To illustrate the power of Hick’s Law, consider a classic example of it in play. Sheena Iyengar and Mark Lepper performed an experiment that shows too much choice can be demotivating. They set up two tasting booths for different flavors of jam; one with 6 flavors and another with 24 flavors. The booth that had 24 flavors had 60% of passers-by stop to try some jam while the booth that had 6 flavors had 40% stop to try. However, the booth with 24 flavors only had 3% purchase a jam while the booth with 6 flavors had 30% purchase. Another aspect to note is that the number of jams tried at each booth had very little difference (extensive choice booth had average of 1.5 jams tried while the limited choice booth had average of 1.38 jams tried). The huge difference shows us Hick’s Law and the paradox of choice in action. People initially desire more choices but when making a decision, these participants had to compare a jam flavor against 23 others. There was a higher likelihood that the perfect flavor was available with more choices but the difficulty of the decision made the participants walk away.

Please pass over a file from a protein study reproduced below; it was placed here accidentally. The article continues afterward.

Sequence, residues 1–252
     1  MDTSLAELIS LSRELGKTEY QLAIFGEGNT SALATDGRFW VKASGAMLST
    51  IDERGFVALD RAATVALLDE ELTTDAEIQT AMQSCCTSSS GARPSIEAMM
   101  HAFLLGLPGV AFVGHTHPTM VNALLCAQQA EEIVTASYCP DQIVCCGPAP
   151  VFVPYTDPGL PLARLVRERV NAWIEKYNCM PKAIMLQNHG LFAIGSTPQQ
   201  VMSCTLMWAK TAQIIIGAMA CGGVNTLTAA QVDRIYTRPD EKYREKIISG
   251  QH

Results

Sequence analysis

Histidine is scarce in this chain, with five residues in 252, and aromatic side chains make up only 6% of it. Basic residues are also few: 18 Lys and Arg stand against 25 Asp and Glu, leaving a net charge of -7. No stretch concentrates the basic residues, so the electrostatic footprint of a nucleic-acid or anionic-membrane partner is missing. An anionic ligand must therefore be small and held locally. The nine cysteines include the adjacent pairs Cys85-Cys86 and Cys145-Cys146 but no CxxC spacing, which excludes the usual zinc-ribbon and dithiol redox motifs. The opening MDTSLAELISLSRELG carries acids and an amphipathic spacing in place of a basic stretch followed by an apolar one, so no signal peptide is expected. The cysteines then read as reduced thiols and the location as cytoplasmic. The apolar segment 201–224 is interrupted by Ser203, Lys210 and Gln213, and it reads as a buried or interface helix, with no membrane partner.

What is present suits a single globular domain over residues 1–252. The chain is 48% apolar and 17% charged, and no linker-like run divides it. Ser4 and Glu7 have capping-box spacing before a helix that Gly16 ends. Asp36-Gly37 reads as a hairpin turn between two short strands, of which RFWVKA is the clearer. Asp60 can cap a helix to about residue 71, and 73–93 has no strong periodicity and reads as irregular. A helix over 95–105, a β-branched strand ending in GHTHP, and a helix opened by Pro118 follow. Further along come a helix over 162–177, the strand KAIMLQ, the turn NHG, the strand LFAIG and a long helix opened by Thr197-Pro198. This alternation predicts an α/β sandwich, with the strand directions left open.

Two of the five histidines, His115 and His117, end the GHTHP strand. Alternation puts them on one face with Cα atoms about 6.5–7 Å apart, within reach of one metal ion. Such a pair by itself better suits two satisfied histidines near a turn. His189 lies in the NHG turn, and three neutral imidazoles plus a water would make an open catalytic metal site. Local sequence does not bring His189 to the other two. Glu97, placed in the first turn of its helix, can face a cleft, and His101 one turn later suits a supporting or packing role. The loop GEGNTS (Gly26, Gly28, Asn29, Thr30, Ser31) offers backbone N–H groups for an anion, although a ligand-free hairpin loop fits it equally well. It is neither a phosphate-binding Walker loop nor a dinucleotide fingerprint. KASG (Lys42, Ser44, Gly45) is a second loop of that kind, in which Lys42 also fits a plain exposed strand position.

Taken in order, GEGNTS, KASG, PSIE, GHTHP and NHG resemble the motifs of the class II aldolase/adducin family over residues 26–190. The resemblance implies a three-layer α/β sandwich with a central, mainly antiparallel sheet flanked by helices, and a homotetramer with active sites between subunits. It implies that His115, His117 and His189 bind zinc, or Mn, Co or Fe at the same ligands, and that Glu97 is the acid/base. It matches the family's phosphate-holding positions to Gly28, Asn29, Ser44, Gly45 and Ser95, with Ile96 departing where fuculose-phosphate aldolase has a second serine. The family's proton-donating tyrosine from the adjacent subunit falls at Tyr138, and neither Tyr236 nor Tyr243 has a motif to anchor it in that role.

We can apply Hick’s Law and the jam example to best practices in web design in a variety of ways. The main example in which Hick’s Law is applied on the web is in the design of site navigation. Some websites, especially major retailers, have navigation menus that are typically labeled as “mega menus.” These menus open up with a plethora of navigational options. Often the number of choices that are presented can be overwhelming for the user. Often the best solution when presenting so many choices is to organize content into appropriate categories or even breakdown the decisions into steps instead of all at once. It may be better to have 3 categories with 3 sub categories as opposed to showing the user 9 at a time. Although this approach produces more decisions, the decisions are easier to make because there is less choice.